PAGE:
Latin America: A Burgeoning Market for US Drones
Español The passage of a new Unmanned Aerial Vehicle (UAV) export policy in February will enable US defense companies to begin exporting drone technology to nations approved by the United States government. This new initiative has been welcomed by the defense industry, but also by numerous US allies who have long coveted the enhanced capabilities that come with drones.
Unmanned reconnaissance technology is an incredibly valuable tool, especially considering that many modern security threats come from non-state actors. Drones have been operating in both “kinetic” (or combat) and ISR (intelligence, surveillance, reconnaissance) roles for over a decade — proving their value time and time again.
The image we have of drone operations largely consists of a few grainy frames of Department of Defense footage, 5,000 miles away in a desert war zone. Soon, however, the same images could have a tropical backdrop.
A New Market
Latin America’s security concerns could benefit greatly from the use of UAVs, as recognized by defense experts inside and outside of the region. With a drug war that shows no sign of stopping after half a century, narco-terrorist groups abound, and violent cartels are operating across international borders. It’s no surprise that Latin-American militaries are seeking UAV technology to give them an edge over their rivals.
It’s therefore only a matter of time before drones take to the skies of Latin America in significant numbers, but questions remain over who will be providing them.
Currently, Israel has the market cornered with over $500 million in sales to Latin America between 2005 and 2012. The recent revision of US drone export policy could change the picture. Defense manufacturers like General Atomics have been looking South for some time, but were hitherto restricted to case by case approval by the State Department – no sales were ever approved to Latin America.
Regional manufacturers have also been making strides in drone technology over the past few years. Latin-American defense manufacturers like Embraer, Avibras, and Avanza have begun pushing their products in the market. Furthermore, these companies aren’t limiting their sales to domestic markets: they have global objectives.
A Class of Its Own
With all this competition, will US manufacturers be able to gain a foothold in the Latin-American drone market? The short answer is yes.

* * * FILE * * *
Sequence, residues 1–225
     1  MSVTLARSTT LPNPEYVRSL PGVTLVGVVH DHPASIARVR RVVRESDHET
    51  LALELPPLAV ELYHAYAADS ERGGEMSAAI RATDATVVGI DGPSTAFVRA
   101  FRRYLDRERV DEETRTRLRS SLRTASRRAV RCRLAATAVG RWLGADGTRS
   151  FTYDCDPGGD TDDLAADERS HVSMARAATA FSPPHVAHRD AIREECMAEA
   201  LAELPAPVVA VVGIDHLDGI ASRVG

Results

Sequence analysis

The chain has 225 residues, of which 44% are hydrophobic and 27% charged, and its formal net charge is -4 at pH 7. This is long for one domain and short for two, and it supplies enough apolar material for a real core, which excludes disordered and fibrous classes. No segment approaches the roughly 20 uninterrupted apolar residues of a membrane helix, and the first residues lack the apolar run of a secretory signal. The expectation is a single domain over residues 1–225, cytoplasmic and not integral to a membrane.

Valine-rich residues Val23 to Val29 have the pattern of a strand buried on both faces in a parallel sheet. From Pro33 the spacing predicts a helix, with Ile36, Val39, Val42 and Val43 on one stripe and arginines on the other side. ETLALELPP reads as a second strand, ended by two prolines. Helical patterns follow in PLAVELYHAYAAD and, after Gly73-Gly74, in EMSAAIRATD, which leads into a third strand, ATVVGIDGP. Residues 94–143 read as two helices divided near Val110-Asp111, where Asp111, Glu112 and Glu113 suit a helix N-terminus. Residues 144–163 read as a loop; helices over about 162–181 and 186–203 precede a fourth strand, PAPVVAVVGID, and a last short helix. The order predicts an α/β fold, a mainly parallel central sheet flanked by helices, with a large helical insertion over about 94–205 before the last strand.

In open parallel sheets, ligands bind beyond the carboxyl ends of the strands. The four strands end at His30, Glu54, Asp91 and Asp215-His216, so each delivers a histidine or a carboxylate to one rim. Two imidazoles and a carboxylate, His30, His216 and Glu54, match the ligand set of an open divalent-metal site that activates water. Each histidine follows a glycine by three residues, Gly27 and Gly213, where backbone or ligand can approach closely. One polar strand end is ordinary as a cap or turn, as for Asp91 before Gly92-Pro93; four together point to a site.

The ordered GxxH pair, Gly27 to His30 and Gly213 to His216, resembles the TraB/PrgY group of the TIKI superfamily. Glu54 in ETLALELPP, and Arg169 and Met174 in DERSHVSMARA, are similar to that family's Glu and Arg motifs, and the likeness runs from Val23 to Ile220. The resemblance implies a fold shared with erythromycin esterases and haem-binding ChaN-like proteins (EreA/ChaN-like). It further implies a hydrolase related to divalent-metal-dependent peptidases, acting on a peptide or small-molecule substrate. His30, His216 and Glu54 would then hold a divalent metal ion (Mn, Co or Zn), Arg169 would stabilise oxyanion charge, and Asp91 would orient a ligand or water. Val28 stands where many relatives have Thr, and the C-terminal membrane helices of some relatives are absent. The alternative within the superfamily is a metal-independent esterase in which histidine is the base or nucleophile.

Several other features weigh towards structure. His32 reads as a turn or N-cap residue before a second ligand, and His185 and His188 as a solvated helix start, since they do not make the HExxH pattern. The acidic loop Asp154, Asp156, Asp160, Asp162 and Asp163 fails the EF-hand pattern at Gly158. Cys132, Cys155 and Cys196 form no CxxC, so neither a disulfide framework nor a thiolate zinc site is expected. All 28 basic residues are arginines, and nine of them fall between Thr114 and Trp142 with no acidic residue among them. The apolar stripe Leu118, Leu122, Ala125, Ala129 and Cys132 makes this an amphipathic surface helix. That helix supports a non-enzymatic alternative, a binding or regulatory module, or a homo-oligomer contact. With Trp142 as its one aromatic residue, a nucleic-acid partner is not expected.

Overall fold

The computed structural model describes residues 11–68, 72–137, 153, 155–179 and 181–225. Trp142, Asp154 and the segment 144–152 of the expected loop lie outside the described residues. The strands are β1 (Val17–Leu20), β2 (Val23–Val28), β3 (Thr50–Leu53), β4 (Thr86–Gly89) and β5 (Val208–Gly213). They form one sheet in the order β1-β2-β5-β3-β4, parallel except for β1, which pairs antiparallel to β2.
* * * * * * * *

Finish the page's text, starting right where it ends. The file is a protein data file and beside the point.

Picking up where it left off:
Although drones produced domestically and in Israel are relatively cheap (compared to their North American counterparts) and readily available, they simply can’t be compared to US technologies.
Drones, like the General Atomics MQ 1 Predator, have logged thousands of hours of combat operations across multiple theaters around the world; there is a reason that when someone says “drone” the first image in your mind is a Predator loitering overhead.
US drone technology is years ahead of its competitors, a result of bigger defense budgets and greater experience in the field. Moreover, US manufacturers pride themselves on their end-user support – defense speak for the vendor’s willingness to train foreign personnel extensively in all aspects of operation and maintenance.
US defense manufacturers will find no shortage of buyers in Latin America. With insecurity raging and economies expanding, the market is set to increase for the foreseeable future.
Drones for Everyone
Even though this type of advanced technology comes with a hefty price tag, it may be worth it if it gives regional governments the decisive advantage needed to establish security and prevent crime.
Furthermore, this money doesn’t necessarily have to come from state coffers. Washington provides billions of dollars in security aid to nations throughout Latin America; it’s not unthinkable that some of this money could be put towards unmanned aerial systems. In fact, the Pentagon did just this in 2013 when it donated an unspecified number of Boeing Scan Eagle surveillance drones to the Colombian government.
It’s in US interests to encourage these types of transactions. Washington provides the initial aid package, then sits back and benefits from the inflow of capital to US companies — simultaneously strengthening military and diplomatic ties in the region.
Of course, drones aren’t a silver bullet for security failures. Strengthening defense capability is only part of a picture that includes strengthened institutions, respect for the rule of law, and greater economic opportunities to help individuals choose alternative routes to organized crime and terrorist organizations.
Nevertheless, UAV technology will be a welcome acquisition for those nations seeking to enforce peace within their borders and negate the advantages of hard-to-track guerrilla groups and narco-trafficking cartels. We should expect to see US drones in Latin-American skies sooner rather than later.
Edited by Laurie Blair.